How Green is you code?

Climate-change

Talk on climate change is something that you cant have missed. This years winter is further evidence that irrespective on debate about the cause something is happening. Many of us now use energy saving bulbs, by appliances with high energy ratings and ensure our homes are sufficiently insulated all to cut down on our energy consumption and the effect it has on the world.

But as developers what about the code that we produce? Do you ever consider how much pollution is caused by the energy required to deliver web pages to users or for an app to function, and what could be done to minimise that pollution.

Ironically many of the things that we can do will ultimately also make an improvement to our users (obviously throwing more servers at a performance issue isn’t going to reduce power consumption so their are exceptions).

Here are some examples:

Reducing the number of web requests

Quite simply the less requests a browser needs to make for files the less power it uses to do so. The benefit fir the user is that a browser will generally only make 7 simultaneous requests, so its also faster. We can easily do this by:

  • Bundling CSS and JavaScript files
  • Using image sprites rather than multiple images
  • Ensuring caching is set properly so that files aren’t repeatedly being requested when the browser already has a local version

Reducing the amount of data that we send

If we don’t send as many bytes then its going to require less packets to send it, which will ultimately require less power to send them. It will also take the user less time to receive them.

  • Optimise images to a sensible size. There’s no point sending an image 10 times the resolution that’s going to be viewed. There’s also no point in using images in a format with a larger file size when it looks the same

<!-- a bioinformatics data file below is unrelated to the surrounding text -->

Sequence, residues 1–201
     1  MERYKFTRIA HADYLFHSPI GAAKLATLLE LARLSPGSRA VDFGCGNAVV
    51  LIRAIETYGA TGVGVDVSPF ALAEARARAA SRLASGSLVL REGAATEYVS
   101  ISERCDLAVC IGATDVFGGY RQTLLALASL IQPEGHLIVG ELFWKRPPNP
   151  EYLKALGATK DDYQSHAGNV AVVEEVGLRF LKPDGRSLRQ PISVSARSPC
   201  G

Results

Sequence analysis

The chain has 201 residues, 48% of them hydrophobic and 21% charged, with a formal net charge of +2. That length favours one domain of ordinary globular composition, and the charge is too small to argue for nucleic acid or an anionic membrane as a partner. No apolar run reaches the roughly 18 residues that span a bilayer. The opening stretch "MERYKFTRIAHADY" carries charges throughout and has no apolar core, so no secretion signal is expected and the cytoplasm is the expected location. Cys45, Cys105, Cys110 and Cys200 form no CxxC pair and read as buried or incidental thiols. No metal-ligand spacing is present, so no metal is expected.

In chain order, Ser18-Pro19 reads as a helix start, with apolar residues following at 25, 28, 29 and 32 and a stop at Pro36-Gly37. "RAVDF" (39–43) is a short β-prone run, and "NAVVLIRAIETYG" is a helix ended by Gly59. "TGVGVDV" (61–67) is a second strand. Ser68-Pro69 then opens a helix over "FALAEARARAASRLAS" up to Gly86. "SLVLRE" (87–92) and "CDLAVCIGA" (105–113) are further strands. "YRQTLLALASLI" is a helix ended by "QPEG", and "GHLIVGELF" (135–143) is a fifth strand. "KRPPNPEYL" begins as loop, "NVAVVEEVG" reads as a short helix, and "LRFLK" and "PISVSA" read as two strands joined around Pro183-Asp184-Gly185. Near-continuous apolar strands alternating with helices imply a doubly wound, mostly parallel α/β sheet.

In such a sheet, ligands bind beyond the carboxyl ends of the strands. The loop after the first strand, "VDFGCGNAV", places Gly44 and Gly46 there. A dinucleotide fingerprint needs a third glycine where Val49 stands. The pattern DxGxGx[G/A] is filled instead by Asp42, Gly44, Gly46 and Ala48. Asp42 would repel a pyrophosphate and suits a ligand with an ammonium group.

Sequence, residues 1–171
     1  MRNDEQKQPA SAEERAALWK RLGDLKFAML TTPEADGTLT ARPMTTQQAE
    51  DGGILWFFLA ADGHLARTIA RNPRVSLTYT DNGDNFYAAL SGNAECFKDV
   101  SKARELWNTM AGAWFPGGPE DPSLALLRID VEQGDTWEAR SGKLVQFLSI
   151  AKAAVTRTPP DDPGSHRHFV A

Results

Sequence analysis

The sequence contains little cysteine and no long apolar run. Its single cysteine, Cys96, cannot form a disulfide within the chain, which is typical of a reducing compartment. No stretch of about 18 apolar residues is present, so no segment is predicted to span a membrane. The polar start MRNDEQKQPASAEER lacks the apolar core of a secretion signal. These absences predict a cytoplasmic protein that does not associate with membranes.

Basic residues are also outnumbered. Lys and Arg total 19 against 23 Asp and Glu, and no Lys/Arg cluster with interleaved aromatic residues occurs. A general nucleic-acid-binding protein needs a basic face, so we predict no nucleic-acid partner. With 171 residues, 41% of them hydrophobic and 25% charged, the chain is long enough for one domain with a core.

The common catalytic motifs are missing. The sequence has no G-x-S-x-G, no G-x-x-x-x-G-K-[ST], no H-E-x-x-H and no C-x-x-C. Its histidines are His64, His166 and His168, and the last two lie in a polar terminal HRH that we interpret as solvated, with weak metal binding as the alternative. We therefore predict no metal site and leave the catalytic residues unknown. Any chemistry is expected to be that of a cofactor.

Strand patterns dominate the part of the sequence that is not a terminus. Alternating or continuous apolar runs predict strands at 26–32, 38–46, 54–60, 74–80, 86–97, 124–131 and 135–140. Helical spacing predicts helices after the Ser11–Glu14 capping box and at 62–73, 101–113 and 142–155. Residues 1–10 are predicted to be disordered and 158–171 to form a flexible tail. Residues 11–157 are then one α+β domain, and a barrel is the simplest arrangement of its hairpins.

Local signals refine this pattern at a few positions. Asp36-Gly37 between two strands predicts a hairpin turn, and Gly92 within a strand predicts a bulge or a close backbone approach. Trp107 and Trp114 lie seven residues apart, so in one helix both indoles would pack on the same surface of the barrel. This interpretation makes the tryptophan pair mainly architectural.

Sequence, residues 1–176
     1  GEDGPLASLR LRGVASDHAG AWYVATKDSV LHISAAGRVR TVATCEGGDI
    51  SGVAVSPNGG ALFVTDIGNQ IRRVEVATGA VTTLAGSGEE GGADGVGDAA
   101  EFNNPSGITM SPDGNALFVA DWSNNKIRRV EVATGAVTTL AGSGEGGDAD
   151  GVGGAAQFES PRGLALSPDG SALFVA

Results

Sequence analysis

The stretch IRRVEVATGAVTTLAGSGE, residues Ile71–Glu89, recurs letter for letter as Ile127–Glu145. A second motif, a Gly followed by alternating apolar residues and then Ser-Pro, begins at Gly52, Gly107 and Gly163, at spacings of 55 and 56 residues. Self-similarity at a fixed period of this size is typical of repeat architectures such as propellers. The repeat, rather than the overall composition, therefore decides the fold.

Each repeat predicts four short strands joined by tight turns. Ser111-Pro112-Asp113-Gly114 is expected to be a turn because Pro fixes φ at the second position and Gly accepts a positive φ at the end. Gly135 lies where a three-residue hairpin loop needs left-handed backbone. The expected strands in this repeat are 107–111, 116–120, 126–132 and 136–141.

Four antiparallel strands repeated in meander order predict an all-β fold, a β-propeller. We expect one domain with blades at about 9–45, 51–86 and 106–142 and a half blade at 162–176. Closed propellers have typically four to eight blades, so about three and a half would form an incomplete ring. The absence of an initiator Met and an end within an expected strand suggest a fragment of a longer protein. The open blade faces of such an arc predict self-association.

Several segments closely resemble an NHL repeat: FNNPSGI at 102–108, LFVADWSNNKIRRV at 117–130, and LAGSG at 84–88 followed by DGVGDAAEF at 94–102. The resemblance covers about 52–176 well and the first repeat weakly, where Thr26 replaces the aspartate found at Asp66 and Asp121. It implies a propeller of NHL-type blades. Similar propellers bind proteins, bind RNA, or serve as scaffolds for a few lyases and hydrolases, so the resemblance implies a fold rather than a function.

• Minify CSS and JavaScript files to make them as small as possible
  • Don’t include CSS and JavaScript that isn’t being used. How much of that jQuery UI framework are you actually using. Use the tools around to only include the bits you need
  • Write APIs that only include the data that is needed, or give the consumer parameters to choose what fields they have. If your calling an API only get the data you need
  • Use JSON services over XML, they have less mark-up

Think about what your code is doing

Lastly just think about what your code is doing:

  • Are you making multiple calls to a database for the same data
  • Are you posting a list to a server to sort it when the client could instead
  • Are you re-loading an entire page just to sort a list
  • How many objects are you needlessly creating on the server
  • Are you appending string objects when you should be using a Stringbuilder

All these things will ultimately improve the performance of your code as well as reducing power consumption. You may be in a position when you haven’t done any of this because performance isn’t an issue, but power consumption is. The savings you make may be tiny, but tiny changes made by thousands of people leading to the power used by millions of people can have a profound effect.

Also turn your computer and monitor off when you go home!

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